Officers Entitled To Trial On Whether Changes In Exam Process Were Pretext For Age Discrimination

Greg Peterson and Souphanny Dean are Richfield, Minnesota police officers. In April 2012, Peterson sued the City, claiming that the Department engaged in age discrimination when it removed him from the special investigations unit earlier that year. A trial court ordered judgment for Peterson on September 19, 2013.

In the fall of 2013, Peterson, Dean, and Brian Rogge, who were all over 40 years old, applied to be eligible for promotion to a detective position with the Department. Andrew Ueland and Rian Jensen, two officers who were in their late 20s or early 30s, also applied for the position. The application process consisted of a written exam and an oral interview. Based on the written exam and oral interviews, the Department ranked the applicants and assigned final scores as follows: (1) Ueland: 70.75; (2) Jensen: 67; (3) Peterson: 56.25; (4) Dean: 55.25; and (5) Rogge: 54.5. Because Ueland and Jensen scored higher than the other officers, they were next in line to receive detective promotions under the Department’s promotional system.

Peterson, Dean, and Rogge sued the City, alleging that the City violated the Minnesota Human Rights Act “changing the promotional process to discriminate against older officers in favor of younger officers and, in fact, promoting two younger officers at the expense of three older officers.” Peterson also alleged that the City retaliated against him by ranking two less-experienced officers above him in the oral interview because he prevailed in his previous age-discrimination lawsuit against the City. Another officer, Jeff Hatzenbeller, also over 40 years old, joined the lawsuit, alleging that the City engaged in age discrimination when the Department denied him a crime-prevention officer assignment.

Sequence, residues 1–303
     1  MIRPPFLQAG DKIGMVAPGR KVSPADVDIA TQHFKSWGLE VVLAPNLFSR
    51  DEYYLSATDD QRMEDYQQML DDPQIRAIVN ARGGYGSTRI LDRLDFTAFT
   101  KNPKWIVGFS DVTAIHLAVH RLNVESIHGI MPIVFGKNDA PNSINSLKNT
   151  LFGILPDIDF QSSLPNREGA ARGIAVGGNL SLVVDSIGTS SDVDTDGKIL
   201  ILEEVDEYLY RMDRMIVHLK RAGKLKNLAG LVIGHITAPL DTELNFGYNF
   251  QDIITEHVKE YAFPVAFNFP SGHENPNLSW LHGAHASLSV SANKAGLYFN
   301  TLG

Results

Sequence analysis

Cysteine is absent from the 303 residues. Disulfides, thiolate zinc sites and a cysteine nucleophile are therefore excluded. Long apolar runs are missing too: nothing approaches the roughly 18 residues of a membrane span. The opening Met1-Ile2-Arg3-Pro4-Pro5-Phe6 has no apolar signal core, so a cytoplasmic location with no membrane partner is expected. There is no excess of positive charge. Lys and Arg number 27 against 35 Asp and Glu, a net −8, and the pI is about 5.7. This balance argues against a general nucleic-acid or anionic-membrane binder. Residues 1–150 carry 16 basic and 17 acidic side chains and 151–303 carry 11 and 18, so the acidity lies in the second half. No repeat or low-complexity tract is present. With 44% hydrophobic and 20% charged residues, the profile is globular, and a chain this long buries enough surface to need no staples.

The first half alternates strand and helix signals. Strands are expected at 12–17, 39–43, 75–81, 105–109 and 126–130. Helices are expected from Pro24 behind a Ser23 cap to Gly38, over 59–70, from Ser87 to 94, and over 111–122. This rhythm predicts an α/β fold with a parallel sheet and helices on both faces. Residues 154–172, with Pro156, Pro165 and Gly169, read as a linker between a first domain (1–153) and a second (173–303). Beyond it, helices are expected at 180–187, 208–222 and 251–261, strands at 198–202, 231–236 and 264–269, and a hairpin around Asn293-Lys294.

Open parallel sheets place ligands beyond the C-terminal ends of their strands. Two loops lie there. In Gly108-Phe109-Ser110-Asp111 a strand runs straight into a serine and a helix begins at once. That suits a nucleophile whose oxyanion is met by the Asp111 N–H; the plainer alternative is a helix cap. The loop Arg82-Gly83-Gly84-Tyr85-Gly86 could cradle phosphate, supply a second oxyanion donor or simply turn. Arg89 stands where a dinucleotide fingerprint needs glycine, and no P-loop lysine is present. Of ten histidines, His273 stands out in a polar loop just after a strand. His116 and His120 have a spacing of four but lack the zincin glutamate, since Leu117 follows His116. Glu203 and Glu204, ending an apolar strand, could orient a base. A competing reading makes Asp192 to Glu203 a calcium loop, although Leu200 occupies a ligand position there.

An appeals court concluded that there was enough evidence of age discrimination to let the officers’ claims go to trial. The Court found that the following evidence raised a jury question as to whether discrimination occurred: “(1) Because the City removed a ‘promoteability index’ and the background and experience sections of the original exam and allocated the majority of the possible total points to the oral-examination, older officers were not able to use their experience and history of positive service; (2) the clustering of points and the disparity of the scores between the older and younger officers on the new exam; (3) the trial court’s determination that the City previously discriminated against Peterson based on age; and (4) the comments of a lieutenant, who approached Rogge after the test and said to him: ‘I don’t want you to go south like other officers who have 18 years of experience,’ and a deputy chief, who said that he did not want the crime-prevention-officer position to become a ‘retirement position.’”

The City argued that the Court should not consider the changes to the detective examination process because the changes occurred more than one year before the officers brought their lawsuit. The Court answered bluntly: “We are not persuaded. Although the new exam was developed and applied to a sergeant-promotion process in 2012, it was not tailored to or applied to the detective-promotion process until 2013. The officers filed their lawsuit in November 2013.

“The City argues that neither the changes in the exam process nor the results of the October 2013 exam support an inference of discrimination. Although it may be true that neither the changes to the exam process nor the results of the October 2013 exam alone would allow a jury to find that the real reason for the City’s action was intentional discrimination, that evidence in combination with the other evidence offered by the officers is sufficient to raise an issue of fact regarding pretext when viewed in the light most favorable to the officers. Reasonable minds could draw different conclusions from the evidence presented.”

Peterson v. City of Richfield, 2016 WL 1081234 (Minn. App. 2016).